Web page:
• Secondary burn- ulcerations, exudates, and sloughing
    • Treatment: prolonged observation and conservative therapy as above
    • Surgery with specific indications
    • Relative indications for surgery- sepsis, peritonitis, persistent back and chest pain, metabolic acidosis, mediastinitis, free air, mediastinal air, crepitance, contrast extravasation, pneumothorax, effusion, air in stomach wall

    • Tertiary burn
    • - deep ulcers, charring, and lumen narrowing
    • Treatment as above; esophagectomy usually necessary
    • Alimentary tract not restored until after patient recovers from the caustic injury

    Need gastrografin swallow followed by thin barium on HD 2-3 for 2nd and 3rd degree injuries
  46. Perforations
    1) usually the result of an EGD

    2) cervical esophagus near cryicopharyngeus muscle most common site

    • 3) Symptoms:
    • 1- pain
    • 2- dysphagia
    • 3- respiratory distress
    • 4- fever
    • 5- tachycardia

    4) Diagnosis: gastrografin swallow followed by barium swallow

    5) Criteria for nonsurgical management- contained perforation by contrast, self-draining, no systemic effects

    • - conservative treatment: IVF, NPO, spit (some say you can place NGT), broad spectrum antibiotics
    • - no NGT with caustic injuries
  47. Non-contained perforations in the chest
    1) if free perforation has occured and quick to diagnose it (<24hrs) or if the area has minimal contamination --> try primary repair with drains (chest tubes) and intercostal muscle pedicle flap.

    • 2) for sick patients -->
    • 1- cervical esophagostomy for diversion
    • 2- washout of the mediastinum
    • 3- place chest tubes
    • 4- later placement of a feeding G or J tube
    • 5- later esophagectomy and gastric pull-up

    • Esophagectomy- may be needed in stable patients with intrinsic disease (burned out esophagus or malignancy)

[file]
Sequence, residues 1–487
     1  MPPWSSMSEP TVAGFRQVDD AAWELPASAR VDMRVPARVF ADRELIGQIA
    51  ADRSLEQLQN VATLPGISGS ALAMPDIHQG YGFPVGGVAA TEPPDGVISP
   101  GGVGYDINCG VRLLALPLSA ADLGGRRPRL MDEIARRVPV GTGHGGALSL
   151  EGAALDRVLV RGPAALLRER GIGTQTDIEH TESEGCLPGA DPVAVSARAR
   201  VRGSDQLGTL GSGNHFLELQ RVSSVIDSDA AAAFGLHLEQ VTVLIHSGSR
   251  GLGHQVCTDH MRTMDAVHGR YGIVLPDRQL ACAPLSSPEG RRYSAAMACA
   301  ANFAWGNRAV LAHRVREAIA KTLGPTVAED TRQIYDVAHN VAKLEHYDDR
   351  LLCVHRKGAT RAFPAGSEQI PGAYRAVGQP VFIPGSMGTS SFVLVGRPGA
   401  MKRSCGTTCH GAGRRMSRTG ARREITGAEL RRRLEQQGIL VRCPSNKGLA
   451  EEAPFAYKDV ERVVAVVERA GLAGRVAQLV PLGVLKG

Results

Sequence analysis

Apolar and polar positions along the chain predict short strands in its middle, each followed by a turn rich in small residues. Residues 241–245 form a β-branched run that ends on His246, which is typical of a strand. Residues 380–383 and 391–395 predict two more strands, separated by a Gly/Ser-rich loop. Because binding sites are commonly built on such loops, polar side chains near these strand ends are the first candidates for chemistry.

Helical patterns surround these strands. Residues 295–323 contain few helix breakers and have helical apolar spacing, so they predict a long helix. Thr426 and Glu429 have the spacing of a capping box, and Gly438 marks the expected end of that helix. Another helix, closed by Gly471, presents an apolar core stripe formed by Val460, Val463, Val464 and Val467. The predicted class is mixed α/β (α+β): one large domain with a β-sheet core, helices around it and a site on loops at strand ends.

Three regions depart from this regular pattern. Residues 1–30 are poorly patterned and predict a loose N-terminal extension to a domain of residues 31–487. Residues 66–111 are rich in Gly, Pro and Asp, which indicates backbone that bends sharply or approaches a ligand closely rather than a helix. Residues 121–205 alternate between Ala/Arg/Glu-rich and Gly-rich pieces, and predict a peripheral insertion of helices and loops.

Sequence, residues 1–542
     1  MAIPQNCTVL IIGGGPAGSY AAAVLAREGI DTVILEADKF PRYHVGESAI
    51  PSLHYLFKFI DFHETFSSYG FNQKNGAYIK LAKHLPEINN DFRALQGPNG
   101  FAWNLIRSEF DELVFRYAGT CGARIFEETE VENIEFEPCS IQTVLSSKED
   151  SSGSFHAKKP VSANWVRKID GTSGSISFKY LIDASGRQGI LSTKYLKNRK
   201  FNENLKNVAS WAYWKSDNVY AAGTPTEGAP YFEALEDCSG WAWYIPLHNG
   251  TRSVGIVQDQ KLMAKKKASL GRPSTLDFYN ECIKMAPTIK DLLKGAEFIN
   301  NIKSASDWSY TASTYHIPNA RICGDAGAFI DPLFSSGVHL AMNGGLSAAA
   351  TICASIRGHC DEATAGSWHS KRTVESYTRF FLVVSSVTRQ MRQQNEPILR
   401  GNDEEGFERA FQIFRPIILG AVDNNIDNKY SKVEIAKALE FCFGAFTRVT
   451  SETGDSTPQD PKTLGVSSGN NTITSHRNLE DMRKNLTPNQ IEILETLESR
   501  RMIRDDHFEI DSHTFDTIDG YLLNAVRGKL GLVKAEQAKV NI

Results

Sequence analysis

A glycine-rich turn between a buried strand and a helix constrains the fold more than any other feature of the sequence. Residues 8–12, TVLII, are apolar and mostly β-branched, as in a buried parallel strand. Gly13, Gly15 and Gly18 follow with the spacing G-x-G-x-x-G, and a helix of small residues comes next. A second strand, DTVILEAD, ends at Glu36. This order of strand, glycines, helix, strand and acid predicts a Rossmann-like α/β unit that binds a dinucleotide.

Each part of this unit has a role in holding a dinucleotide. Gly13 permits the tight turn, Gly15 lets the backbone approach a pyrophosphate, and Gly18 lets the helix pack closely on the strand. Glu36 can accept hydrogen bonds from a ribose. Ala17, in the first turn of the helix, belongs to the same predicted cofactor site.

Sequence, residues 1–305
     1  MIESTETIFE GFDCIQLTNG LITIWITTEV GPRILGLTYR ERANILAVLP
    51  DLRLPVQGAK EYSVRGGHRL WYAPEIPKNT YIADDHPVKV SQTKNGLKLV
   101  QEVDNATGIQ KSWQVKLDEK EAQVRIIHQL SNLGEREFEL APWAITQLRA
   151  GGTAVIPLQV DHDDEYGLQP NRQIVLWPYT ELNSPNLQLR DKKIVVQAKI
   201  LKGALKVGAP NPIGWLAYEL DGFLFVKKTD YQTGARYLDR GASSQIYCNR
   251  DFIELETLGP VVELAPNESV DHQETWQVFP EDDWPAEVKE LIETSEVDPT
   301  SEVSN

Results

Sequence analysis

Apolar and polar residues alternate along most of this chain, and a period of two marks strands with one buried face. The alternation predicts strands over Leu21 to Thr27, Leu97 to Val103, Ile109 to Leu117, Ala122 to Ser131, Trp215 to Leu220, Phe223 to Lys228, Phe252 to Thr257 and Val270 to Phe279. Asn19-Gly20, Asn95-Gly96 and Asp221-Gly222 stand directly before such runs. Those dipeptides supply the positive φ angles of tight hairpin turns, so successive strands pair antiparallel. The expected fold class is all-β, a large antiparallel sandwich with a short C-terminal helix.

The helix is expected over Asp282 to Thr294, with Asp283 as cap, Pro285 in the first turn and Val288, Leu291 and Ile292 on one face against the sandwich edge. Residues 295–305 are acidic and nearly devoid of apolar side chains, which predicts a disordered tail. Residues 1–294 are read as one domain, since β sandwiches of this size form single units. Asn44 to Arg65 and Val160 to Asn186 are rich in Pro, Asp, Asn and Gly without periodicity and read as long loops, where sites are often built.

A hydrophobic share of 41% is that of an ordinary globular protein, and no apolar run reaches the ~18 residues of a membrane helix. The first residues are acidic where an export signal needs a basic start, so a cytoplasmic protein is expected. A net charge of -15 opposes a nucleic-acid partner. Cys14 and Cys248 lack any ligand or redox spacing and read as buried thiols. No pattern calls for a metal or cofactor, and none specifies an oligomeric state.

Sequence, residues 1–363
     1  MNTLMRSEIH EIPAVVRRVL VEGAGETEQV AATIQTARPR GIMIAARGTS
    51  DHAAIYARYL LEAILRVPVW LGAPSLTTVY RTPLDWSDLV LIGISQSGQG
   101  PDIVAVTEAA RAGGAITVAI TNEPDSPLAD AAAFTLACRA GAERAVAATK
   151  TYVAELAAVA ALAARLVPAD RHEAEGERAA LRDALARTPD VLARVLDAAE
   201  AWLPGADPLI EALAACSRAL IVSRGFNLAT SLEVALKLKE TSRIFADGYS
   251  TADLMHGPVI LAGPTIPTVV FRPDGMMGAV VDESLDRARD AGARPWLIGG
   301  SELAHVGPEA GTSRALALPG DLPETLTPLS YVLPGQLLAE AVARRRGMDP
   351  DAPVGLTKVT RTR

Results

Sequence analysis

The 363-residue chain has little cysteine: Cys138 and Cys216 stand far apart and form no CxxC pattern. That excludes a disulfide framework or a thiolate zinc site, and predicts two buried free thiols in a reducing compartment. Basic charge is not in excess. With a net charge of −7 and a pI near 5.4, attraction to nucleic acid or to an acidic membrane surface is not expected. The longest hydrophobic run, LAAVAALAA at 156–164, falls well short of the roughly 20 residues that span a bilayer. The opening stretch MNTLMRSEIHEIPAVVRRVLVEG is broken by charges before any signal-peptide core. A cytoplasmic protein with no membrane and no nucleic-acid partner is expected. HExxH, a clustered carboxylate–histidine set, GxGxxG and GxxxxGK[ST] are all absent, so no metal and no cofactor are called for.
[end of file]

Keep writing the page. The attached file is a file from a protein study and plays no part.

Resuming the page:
• -some will also go with esophagectomy and diversion in sick patients with intrinsic disease as the first procedure

    • If in neck:
    • 1- primary repair and leave drains (if grossly contaminated, can just leave drains and will usually heal)

    • Need longitudinal myotomy to see full extent of injury
    • - consider intercostal muscle flaps to area of perforation to help the area heal

    • Proximal 2/3 of thoracic esophagus- right thoractomy (may have right effusion)
    • Distal 1/3 of thoracic esophagus- left thoractomy (may have left effusion)

    Use gastrografin followed by barium swallow 10 days after the repair to rule out leak

    Leave drains in until patient taking good oral intake without increase in drainage from drains

    If patient has a leak without systemic effects, try to let it heal --> give patient TPN or place distal feeding tube
  48. Boerhaave's syndrome
    1) forceful vomiting followed by chest pain- perforation most likely to occur in the left lateral wall of esophagus at level of T8, 3-5m above the GE junction

    2) Hartmann's sign- mediastinal crunching on auscultation

    3) Early diagnosis and treatment improve survival

    4) Diagnosis: gastrografin swallow

    • 5) Treatment:
    • 1- left thoracotomy
    • 2- longitudinal myotomy to see extent of injury
    • 3- primary repair; leave chest tubes